Small Balls – Phil Bennett’s Turn

Nordschleife / prototype racer Phil Bennett pitches in with his view of sportscar racing – following on from those of Janos Wimpffen, Paul Truswell and Mark Howson. The index of all the opinions is here.

If this upsets people then I am sorry, especially if it hurts the feelings of drivers/teams in British GT, because obviously for many this is a fun thing. However there is an element of game raising needed ….. begins Phil. (You have been warned. Ed.)

It is very interesting to me when parallels are drawn between other sports and motor racing, because commercially they just aren’t the same thing.

Proper football, NFL, baseball, hockey, tennis, whatever; when you talk of the professional game then that is exactly what you have. Motor racing - even at the highest level - is very rarely that.

We can all look up the word professional and in sports car racing (even Le Mans 24hr/LMES/ALMS) the event as a whole is made up of more amateurs than professionals (ALMS Phil? Ed.), and as such you simply cannot expect the same as you do in real professional sports.

For instance, talk of communicating with the fans or spectators is fine in NASCAR or F1, when huge corporations are more keen to spread the word than you are to receive it. However when most are simply there to relax and have an enjoyable “day off” racing - as is the case with many in sports cars - the spectator just isn‘t a consideration.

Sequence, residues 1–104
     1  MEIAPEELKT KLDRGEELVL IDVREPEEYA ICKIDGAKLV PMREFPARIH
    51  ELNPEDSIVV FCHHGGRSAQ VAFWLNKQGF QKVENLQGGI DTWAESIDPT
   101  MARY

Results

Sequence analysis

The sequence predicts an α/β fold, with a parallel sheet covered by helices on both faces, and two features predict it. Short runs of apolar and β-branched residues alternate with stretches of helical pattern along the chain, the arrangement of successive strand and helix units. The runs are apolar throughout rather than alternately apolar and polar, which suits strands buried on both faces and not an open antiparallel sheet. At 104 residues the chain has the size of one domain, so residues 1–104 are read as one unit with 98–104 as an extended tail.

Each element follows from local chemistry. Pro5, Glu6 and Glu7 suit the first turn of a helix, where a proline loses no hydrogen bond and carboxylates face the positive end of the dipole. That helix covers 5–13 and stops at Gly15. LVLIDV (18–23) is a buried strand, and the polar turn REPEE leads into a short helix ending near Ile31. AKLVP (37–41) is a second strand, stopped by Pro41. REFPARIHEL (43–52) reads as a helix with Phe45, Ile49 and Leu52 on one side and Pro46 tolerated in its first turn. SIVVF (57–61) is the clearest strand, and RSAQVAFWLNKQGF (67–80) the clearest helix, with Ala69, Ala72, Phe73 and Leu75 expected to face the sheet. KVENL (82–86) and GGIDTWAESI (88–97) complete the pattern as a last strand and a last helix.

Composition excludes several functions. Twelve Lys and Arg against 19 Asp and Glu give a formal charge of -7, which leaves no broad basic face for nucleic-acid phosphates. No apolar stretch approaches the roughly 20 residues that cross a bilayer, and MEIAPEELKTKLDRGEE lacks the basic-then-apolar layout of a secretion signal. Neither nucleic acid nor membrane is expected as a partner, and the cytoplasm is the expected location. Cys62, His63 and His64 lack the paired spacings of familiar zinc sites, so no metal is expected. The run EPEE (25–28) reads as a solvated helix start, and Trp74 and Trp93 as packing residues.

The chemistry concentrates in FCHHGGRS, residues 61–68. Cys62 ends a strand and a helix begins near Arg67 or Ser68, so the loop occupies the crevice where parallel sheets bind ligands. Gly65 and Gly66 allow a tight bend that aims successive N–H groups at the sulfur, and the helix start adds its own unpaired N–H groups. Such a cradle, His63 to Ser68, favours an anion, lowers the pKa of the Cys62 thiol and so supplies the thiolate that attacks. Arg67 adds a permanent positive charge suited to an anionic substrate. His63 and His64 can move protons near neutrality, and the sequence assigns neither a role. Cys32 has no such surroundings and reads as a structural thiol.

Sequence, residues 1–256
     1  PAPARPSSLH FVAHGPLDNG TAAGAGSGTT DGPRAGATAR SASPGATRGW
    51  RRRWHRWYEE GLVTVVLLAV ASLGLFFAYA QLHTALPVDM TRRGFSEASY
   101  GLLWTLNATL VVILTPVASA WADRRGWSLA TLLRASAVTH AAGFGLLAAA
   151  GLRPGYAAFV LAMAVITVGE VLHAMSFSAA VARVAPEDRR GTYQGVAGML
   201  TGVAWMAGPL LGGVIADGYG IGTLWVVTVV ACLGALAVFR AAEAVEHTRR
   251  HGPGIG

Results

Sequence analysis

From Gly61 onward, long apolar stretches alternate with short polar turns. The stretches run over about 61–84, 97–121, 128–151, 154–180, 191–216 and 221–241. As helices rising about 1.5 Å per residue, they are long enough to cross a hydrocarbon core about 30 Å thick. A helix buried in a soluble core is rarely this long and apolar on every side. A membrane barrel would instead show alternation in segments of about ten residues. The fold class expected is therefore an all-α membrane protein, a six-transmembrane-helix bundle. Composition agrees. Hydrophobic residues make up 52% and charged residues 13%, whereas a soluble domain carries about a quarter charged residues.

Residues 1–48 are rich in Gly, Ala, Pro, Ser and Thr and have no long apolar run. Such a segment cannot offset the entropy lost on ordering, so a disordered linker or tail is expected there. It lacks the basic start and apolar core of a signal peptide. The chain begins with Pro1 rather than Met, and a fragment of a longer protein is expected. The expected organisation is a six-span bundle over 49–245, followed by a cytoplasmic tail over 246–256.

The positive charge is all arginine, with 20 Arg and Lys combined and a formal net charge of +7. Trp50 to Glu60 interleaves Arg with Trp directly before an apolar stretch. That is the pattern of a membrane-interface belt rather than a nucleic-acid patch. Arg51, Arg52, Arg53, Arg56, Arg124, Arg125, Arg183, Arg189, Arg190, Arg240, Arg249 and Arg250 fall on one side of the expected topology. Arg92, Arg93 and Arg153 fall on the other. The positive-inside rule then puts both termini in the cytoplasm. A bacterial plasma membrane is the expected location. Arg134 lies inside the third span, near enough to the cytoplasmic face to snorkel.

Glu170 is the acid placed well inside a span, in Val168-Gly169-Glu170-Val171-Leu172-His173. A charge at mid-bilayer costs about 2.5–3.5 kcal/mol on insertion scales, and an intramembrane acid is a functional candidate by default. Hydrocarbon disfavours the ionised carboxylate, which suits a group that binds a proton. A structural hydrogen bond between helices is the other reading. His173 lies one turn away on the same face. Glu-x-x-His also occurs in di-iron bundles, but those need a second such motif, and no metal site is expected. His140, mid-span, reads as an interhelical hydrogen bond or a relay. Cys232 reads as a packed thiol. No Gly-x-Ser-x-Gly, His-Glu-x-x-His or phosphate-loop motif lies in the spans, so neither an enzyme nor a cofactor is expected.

Then we have perhaps the most ridiculous situation in motor racing, which is that question mark hanging over fielding a strong team. If you overlay a sports car business model on British football then the Premier League would be filled with teams made up of blokes who could afford to buy a way into the first team - making the FA cup a dismal affair, as tubby 50 year olds play a toe poke version of the long ball. Hardly quality viewing…

Now before you all start giving me economic lessons and “commercial realities”, remember this is what you have all signed up to and do nothing about. In Europe prize money is a miracle and start money is something that causes old BRDC members to gaze into the middle distance, casting minds back to fond memories of 917s, Goodyear, Champion and Shell.

Sure everyone comes to Le Mans because for most it’s a once a year booze up and on the “pitch” you have half a dozen quality teams at the front battling for the win and one or two decent teams in each class. But what’s the incentive to watch, say, British GT?

I watched the last round at Silverstone and I think the lead Ferrari 360 was building on his advantage at a rate of almost two seconds per lap. There was very little depth to the quality of the field - in fact some at Silverstone were eight seconds off the pace of a 1m 21second pole time!

Then in the UK we have this huge desire for the safety car, which is sent out far too often: we hate noise, we hate proper endurance events (the British GT meetings are 2 x 1 hour races) and we love having a multitude of classes just so the casual punter has absolutely no chance to understand what is going on.

Sadly the commercial stucture is just as poor, which means that the quality of teams/drivers is unlikely to change any time soon. Series sponsor? Product support? Prize money?

The fact we have this stuff available on radio, web or TV doesn’t and will not change the actual stuff that’s available. That quality simply isn’t there and the proposed six hour race series doesn’t suggest that to me it’s adding quality.

Ultimately sports car racing has always been, and probably will stay, a niche of our sport, overshadowed in Europe by touring car racing and F1. However that doesn’t stop people from enjoying the spectacle - sadly it’s the spectacle that is missing in many series.


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